The big Sun JavaOne conference is going on in San Francisco, CA this week, and the software company used the gathering to announce their revamped efforts to compete in the world of Web-enabled mobile phones. After acquiring technology from SavaJe Technologies earlier this year, Sun has now unveiled JavaFX, a new flavor of the Java programming language aimed at easy adaptation of Web content to other platforms including cell phones, car entertainment/navigation systems and set-top boxes.
According to Rich Green, Sun executive vice president of software, JavaFX Script centers on content creation. "JavaFX Script is a scripting language focused on the content-authoring and content creation crowd. It is a means of creating visually impactful, high-performance, dramatic Web and network-facing artifacts or experiences that run all the way from the desktop running Java SE (Standard Edition) all the way down to mobile devices powered by JavaFX Mobile."
Reports are depicting JavaFX as a competitor to AJAX, a popular suite of open source scripting languages and tools widely used in interactive "Web 2.0" Websites. JavaFX will also be released as open source technology. In any case, the JavaFX announcement speaks to both both the growing use of mobile handsets to access online information and the need to create visually appealing operating systems that make increasingly powerful and complex handsets more user-friendly.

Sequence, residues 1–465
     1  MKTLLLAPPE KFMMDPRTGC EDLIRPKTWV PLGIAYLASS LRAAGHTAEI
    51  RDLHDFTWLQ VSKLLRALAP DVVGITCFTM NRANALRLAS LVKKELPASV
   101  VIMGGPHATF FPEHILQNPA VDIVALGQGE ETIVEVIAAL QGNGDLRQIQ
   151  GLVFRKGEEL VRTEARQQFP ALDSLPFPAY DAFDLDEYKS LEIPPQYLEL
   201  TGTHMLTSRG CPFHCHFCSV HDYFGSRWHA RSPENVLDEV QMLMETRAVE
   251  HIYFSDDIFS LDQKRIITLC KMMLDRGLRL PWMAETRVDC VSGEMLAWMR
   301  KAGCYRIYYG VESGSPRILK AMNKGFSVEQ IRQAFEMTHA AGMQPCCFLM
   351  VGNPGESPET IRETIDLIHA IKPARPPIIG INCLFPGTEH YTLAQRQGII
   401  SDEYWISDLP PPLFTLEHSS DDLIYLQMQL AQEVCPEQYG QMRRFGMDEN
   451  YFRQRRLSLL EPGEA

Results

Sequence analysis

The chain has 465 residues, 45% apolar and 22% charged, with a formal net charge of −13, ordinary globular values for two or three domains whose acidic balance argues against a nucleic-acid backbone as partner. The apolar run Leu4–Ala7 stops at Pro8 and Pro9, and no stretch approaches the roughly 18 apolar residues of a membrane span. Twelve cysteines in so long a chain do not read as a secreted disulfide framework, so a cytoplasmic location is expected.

No details were given about possible licensing agreements or phones that might use JavaFX Mobile, but a NY Times online article featured a mockup of the FIC Neo1973 smartphone, which is associated with the OpenMoko project (openmoko.com). A case could be made that this is Sun's response to iPhone and its slick, computer-like graphical user interface. Then again, it's all too easy to compare everything mobile to Apple's still unreleased mobile phone these days. Add to that increasing rumors of a GooglePhone - or at least a Google-branded mobile operating system - and things are looking up for near-term smartphone development.